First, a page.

But from then on it all started going the home side’s way, a monster kick by Pienaar gave Ulster a 27-18 lead (despite a Leigh Halfpenny penalty in response) and Andrew Trimble continued his impressive form by adding the bonus point for a commanding 32-21 lead. Pienaar missed with the resulting conversion and were all but home and dry, but Dan Tuohy wanted to make sure, and Ravenhill erupted for the fifth time of the night when he grabbed his second time just before the clock went red. Ruan added a difficult two pointer and Ulster had hammered Cardiff Blues with an attacking lesson of the highest quality.


Despite making it six wins in a row in all competitions with the win over Cardiff, Ulster went to the Scarlets hoping to make it a seventh, but from the first whistle it was clear it wasn't going to be their night.

A strongest line up possible that was fielded, but the lack of Ulster’s key men due to international duty for Ireland as well as a lacklustre performance in key areas of the field saw Ulster fail to muster any sort of real threat throughout the entire eighty minutes. Ruan Pienaar did put the visitors ahead but Steve Shingler levelled for the Scarlets via the boot in what was an incredibly windy night in Llanelli. From then on the Scarlets were camped in Ulster’s half for the rest of the first period and despite some wonderfully sustained defence, the Welsh region finally got their reward via a George Earle try from a rolling maul and a Aled Thomas penalty at the end of the first half gave the Scarlets a 11-3 lead. Ulster started to look slightly better in the second half, but only for small periods at a time.

Pienaar missed a penalty attempt but then followed up with a successful kick a few minutes later, but Ulster’s luck continued to worsen as David McIlwaine was sent to the bin for not releasing and another Thomas penalty made it 14-6. Ulster were desperately running out of time, another Pienaar penalty got them back within five points and when Ruan was offered a chance to make it 14-12 in front of the posts (albeit in very windy conditions) he incredibly misjudged his kick as once again Ulster were masters of their own downfall. To add salt into the proverbial wound, Roger Wilson became the second player into the bin after a tripping offence, and a final infringement by John Afoa saw Aled Thomas kick the Scarlets to a 17-9 victory on a night they could do no wrong, and unfortunately for the Ulstermen they could do no right.


First of all Ulster fans shouldn't be too worried about the Scarlets defeat. Anscombe had commented that the players had looked tired and key men missing didn't help that.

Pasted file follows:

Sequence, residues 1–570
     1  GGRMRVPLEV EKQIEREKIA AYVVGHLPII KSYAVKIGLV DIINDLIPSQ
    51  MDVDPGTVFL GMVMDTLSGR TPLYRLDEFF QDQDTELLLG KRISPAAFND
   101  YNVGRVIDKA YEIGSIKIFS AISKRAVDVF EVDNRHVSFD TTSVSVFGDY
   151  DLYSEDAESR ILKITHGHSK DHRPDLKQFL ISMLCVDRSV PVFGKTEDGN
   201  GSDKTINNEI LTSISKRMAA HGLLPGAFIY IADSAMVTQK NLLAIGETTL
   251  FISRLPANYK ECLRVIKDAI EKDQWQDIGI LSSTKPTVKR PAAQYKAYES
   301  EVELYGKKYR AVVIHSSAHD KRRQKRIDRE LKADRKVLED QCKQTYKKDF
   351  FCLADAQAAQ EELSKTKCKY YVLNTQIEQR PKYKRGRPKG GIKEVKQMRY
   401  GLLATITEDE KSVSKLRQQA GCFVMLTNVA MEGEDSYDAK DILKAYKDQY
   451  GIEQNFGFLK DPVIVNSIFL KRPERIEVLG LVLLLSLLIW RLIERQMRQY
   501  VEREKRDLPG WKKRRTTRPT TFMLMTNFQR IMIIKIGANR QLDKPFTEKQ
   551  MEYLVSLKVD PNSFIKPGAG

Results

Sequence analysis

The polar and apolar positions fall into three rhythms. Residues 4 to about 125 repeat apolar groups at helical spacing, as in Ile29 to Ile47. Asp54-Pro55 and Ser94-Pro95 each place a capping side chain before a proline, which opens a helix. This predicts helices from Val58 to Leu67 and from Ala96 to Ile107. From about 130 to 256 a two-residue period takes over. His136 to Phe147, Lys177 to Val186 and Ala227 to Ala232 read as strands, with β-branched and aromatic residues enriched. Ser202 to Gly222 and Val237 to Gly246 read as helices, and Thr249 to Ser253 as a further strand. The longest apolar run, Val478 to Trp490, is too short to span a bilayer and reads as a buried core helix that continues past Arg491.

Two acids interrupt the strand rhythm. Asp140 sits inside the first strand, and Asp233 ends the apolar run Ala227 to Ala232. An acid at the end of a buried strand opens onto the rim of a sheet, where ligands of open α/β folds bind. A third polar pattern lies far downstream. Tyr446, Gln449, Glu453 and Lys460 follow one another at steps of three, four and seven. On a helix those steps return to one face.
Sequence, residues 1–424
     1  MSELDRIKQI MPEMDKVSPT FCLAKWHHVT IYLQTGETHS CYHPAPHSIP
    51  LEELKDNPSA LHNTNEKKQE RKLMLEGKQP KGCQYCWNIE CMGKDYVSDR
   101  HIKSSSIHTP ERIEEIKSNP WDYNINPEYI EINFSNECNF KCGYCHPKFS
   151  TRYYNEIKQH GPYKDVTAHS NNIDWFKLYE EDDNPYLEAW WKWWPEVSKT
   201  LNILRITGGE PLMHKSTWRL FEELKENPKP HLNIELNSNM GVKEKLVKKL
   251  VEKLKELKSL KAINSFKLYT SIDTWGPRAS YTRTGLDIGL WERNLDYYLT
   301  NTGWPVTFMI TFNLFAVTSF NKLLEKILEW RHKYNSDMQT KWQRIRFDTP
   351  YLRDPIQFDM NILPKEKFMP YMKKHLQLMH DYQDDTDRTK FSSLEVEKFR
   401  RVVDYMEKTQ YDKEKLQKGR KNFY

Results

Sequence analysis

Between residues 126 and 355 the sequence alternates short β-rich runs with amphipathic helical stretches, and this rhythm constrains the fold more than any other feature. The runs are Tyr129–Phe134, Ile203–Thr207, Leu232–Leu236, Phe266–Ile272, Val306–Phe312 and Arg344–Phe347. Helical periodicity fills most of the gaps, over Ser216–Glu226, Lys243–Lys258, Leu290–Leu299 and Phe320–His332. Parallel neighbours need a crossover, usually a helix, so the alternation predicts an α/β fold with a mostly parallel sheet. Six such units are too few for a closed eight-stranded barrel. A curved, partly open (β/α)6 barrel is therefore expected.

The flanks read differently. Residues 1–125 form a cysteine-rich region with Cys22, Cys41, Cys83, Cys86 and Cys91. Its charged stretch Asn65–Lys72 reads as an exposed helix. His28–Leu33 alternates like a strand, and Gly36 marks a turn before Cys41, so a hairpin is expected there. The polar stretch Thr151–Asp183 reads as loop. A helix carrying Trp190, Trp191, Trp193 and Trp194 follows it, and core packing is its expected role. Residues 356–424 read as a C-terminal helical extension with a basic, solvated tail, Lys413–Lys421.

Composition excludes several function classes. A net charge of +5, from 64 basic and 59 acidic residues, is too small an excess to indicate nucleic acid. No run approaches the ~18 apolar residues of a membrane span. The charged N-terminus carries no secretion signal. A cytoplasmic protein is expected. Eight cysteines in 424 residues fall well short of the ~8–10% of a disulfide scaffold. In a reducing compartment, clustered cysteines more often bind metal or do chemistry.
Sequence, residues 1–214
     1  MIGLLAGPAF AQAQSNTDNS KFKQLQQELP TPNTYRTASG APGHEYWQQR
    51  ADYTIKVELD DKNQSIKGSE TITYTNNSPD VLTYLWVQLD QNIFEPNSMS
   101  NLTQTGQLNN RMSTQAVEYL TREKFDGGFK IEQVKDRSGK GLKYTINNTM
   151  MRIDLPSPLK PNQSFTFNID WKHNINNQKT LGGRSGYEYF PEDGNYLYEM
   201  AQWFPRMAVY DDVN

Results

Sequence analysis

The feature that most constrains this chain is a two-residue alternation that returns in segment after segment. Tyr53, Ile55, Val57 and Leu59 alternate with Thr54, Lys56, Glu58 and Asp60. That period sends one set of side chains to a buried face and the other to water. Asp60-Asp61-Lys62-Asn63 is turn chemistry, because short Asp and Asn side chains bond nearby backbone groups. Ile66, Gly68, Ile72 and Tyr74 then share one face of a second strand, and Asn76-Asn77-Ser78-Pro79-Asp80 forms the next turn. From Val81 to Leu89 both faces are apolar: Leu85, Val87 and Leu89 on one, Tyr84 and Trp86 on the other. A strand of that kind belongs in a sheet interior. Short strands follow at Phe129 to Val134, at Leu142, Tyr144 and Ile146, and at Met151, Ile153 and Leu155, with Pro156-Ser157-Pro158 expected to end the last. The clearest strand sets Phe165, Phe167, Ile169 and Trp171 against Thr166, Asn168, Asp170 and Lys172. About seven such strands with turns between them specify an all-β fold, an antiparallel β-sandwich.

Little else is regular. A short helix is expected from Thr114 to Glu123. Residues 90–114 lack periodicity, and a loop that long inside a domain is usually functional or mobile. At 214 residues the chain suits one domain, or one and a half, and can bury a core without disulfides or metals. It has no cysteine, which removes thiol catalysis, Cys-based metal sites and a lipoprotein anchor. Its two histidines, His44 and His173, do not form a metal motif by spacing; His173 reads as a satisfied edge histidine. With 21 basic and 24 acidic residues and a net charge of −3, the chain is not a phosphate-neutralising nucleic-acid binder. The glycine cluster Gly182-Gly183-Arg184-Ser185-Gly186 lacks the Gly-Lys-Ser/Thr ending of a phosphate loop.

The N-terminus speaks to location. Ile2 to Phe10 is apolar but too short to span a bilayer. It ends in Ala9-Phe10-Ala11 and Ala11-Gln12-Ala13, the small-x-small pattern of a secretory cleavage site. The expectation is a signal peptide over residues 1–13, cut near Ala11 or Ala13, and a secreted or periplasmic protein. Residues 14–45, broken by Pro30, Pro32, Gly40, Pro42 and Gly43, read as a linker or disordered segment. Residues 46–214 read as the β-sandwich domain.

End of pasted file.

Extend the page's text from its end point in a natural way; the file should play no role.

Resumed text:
Yes, Ulster will have periods of time, ie the Six Nations and the current end of year internationals in which they will have to survive without their big names, however with the next match not until the 22nd November against Edinburgh, Ulster have plenty of time to recover, regroup and rally.

The Cardiff win last week reminded us of Ulster last season, and how they got five point wins when it mattered, at home, against weaker opposition, the perfect way to start playoff push and show statements of intent in the RaboPRO12. Albeit, Mark Anscombe did say that Ulster couldn't afford too many more defeats, it has to be noted, at some point Ulster are going to have to win one or two big matches, ie against say Leinster or Munster in order to re-cooperate some of the points they failed to gain at the start of the season.

But the Montpellier win outlined Ulster’s hunger to go out and perform in Europe, a launch a serious bid for their Heineken Cup chances. With glory in Europe not tasted since 99, and Leinster and Munster having won it five times between them in that period, Ulster will want to finally prove that they can do it, and what with it possibly being the last Heineken Cup in the current format, it would be an amazing way to do it.

So with the huge test matches for Ireland in the coming weeks, it’s time to turn our attention and Stand Up For The Ulstermen in Green. Hopefully they will fair as well as Ulster did against Montpellier and Cardiff and all players will return to their provinces injury free and busting to go again.


I'm Kristian. 19. And my mind is filled with rugby shaped thoughts. Supporting Ulster Rugby, Newcastle Falcons and of course the mighty Ireland. Tommy Bowe is the MAN !!!! SUFTUM.


Taken by JLP from RDS press box on Nov 16, 2019